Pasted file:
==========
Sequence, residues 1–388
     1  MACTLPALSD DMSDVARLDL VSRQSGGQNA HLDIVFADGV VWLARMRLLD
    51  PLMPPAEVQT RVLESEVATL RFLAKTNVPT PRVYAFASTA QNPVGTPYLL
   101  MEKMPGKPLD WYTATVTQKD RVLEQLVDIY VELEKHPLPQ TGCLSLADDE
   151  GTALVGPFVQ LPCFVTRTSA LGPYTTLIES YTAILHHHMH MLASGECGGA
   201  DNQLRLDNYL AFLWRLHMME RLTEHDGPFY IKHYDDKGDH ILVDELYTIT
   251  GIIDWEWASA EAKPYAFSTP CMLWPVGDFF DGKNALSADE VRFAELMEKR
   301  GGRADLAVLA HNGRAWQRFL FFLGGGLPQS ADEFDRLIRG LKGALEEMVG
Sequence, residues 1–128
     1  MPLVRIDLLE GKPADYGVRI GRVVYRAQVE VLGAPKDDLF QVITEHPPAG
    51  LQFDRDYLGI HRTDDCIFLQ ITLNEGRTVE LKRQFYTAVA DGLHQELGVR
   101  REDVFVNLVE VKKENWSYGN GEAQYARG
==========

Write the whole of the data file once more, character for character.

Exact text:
Sequence, residues 1–388
     1  MACTLPALSD DMSDVARLDL VSRQSGGQNA HLDIVFADGV VWLARMRLLD
    51  PLMPPAEVQT RVLESEVATL RFLAKTNVPT PRVYAFASTA QNPVGTPYLL
   101  MEKMPGKPLD WYTATVTQKD RVLEQLVDIY VELEKHPLPQ TGCLSLADDE
   151  GTALVGPFVQ LPCFVTRTSA LGPYTTLIES YTAILHHHMH MLASGECGGA
   201  DNQLRLDNYL AFLWRLHMME RLTEHDGPFY IKHYDDKGDH ILVDELYTIT
   251  GIIDWEWASA EAKPYAFSTP CMLWPVGDFF DGKNALSADE VRFAELMEKR
   301  GGRADLAVLA HNGRAWQRFL FFLGGGLPQS ADEFDRLIRG LKGALEEMVG
Sequence, residues 1–128
     1  MPLVRIDLLE GKPADYGVRI GRVVYRAQVE VLGAPKDDLF QVITEHPPAG
    51  LQFDRDYLGI HRTDDCIFLQ ITLNEGRTVE LKRQFYTAVA DGLHQELGVR
   101  REDVFVNLVE VKKENWSYGN GEAQYARG